Mine, mine, mine! The Ruby Throated Hummingbirds are making a migration stop in the Automatic Garden.
It has been pandemonium or hummermonium around the feeders. Some clever little birds decided to guard the feeders and chase the others away.
Dueling Hummers sit opposite each other fiercely defending the food source. The fights have been brutal, including wrestling each other to the ground. The hits are loud and are accompanied with Hummingbird screams.
I have located 4 feeders in the yard and the Automatic Garden came through the storm rather well with flowers continuing to bloom.
From the perch on the back porch, this Hummer can survey all the feeders. The bird was so absorbed with keeping an eye on the others, it never noticed me standing 12 inches away. (This photo was later taken through a window.)
I know the Hummingbirds need to head south, but I am hoping they will stay for awhile.
This is the aftermath of an unexpected freeze last winter. The split leaf philodendron looked very hopeless. Its main function was to cover up utilities.
Happily, the plant was able to come back and serve its intended purpose.
I noticed some motion on the back porch and spotted the rabbit named Patch near the back door. Apparently, it was rabbit snack time. Patch waited for me outside the garage door for a afternoon snack of sunflower seeds.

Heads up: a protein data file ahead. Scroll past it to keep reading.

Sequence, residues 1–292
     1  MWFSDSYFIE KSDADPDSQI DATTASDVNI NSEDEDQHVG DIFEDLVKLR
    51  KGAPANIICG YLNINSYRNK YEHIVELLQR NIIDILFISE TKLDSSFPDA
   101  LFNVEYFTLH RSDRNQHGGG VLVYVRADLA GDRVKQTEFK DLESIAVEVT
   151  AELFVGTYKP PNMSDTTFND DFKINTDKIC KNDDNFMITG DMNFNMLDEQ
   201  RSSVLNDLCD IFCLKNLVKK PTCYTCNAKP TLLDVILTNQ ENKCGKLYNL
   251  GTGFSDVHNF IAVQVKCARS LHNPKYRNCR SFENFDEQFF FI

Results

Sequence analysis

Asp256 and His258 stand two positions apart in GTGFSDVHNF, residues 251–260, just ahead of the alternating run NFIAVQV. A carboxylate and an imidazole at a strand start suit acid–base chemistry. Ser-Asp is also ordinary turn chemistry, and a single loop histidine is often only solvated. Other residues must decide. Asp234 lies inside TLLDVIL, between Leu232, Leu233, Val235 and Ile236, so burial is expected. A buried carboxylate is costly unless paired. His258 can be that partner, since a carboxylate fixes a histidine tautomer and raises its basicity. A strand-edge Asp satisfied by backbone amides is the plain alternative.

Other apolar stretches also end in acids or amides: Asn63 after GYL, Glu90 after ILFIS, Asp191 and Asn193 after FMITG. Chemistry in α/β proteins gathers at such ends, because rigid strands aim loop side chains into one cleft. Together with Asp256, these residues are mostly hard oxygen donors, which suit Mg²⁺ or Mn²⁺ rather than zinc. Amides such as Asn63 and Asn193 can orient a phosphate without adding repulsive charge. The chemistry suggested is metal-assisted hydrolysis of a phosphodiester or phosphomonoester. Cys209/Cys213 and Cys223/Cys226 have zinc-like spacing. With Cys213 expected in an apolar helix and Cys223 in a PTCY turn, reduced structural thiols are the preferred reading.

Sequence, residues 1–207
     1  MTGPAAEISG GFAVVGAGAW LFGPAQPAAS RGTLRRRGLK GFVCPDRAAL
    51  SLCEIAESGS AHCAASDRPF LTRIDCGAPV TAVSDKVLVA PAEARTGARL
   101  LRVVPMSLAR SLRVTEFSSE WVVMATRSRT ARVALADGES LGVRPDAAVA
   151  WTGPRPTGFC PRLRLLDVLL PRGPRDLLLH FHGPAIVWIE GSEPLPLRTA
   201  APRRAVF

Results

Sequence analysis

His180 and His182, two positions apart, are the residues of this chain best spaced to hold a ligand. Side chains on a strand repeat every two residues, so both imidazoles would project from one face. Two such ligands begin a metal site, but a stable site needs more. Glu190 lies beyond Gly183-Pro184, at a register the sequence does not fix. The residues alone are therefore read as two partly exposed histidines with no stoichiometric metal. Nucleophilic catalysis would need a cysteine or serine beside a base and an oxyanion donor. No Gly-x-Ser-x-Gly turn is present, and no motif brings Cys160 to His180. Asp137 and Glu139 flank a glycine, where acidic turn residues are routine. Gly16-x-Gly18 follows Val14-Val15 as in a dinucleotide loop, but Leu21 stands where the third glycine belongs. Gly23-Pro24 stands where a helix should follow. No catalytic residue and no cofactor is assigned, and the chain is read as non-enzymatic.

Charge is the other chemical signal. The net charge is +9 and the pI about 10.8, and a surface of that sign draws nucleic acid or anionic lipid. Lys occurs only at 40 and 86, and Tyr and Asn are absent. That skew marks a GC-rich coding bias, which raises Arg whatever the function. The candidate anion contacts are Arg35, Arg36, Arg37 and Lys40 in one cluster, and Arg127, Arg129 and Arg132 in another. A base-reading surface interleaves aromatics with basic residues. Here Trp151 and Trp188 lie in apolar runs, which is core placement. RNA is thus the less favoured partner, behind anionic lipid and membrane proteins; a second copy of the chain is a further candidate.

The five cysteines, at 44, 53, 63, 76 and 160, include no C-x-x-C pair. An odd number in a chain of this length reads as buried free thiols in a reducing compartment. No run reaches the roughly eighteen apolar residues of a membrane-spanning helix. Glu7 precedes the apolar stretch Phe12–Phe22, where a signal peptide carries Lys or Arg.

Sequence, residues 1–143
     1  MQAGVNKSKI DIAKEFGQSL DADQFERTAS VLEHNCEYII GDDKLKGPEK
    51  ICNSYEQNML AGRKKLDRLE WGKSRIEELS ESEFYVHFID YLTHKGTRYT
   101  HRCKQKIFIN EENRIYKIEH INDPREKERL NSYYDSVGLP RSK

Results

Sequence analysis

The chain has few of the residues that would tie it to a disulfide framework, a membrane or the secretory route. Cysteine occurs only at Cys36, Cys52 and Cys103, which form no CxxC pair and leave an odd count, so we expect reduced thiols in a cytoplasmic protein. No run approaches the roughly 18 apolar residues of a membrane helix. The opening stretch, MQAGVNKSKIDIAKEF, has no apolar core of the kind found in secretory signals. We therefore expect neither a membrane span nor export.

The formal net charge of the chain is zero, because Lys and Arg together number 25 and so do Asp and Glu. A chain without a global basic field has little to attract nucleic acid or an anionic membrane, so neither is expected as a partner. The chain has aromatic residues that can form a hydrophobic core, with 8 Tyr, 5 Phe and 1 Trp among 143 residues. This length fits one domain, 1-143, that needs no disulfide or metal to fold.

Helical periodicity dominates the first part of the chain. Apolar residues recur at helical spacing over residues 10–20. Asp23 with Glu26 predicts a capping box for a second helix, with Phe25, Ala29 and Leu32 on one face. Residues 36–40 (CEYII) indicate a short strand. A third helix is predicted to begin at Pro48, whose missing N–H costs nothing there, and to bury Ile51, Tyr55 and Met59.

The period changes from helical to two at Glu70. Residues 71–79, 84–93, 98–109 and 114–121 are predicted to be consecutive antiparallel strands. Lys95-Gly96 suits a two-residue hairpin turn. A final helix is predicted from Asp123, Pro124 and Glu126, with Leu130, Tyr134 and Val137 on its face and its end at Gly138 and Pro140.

I recently got a new birdbath. It is clear, yellow, looks great in the garden and can be seen from my kitchen window. It is a replacement for an old one, that the birds loved. As it turns out, the birds hate this one. I thought it was because of being clear, so I added some stones. Not one bird has stopped by.
The new birdbath is easy to keep clean and always has fresh water in it, but that does not seem to be enough to entice the birds. The very cute Carolina Wrens prefer a bath in this toad station that is always dirty.
Or sometimes they use the rim of the upside down fire pit when it holds water.
The wrens, Frick and Frack will even take a soak in plant saucers, which are not clean at all. Even the Cardinals prefer the water from the dirty saucers.
I found evidence of the Wrens enjoying a couples’ spa day. After a soak they finished with a mud bath in the planter (notice two dents). Sometimes we can try to do what we think wildlife would like, but it doesn’t always work out that way. I guess the new birdbath will just have to please me and not the birds.
PS I am shopping for a new one that they will like and I have another one that the rabbits and squirrels enjoy along with the birds.
The planter on my patio table has been constantly dug up.
Dirt from the planter is flung all over the table and floor. What animal was doing this? Naturally, squirrels were the first suspect. I even put red pepper on the dirt.
One day the culprit was finally revealed. It was none other than my Carolina Wrens, Frick and Frack that have been taking a dirt bath in the planter. The first time I witnessed the bath, one of the Wrens enjoyed the dirt for quite awhile and ended with a grand finale of throwing dirt high in the air.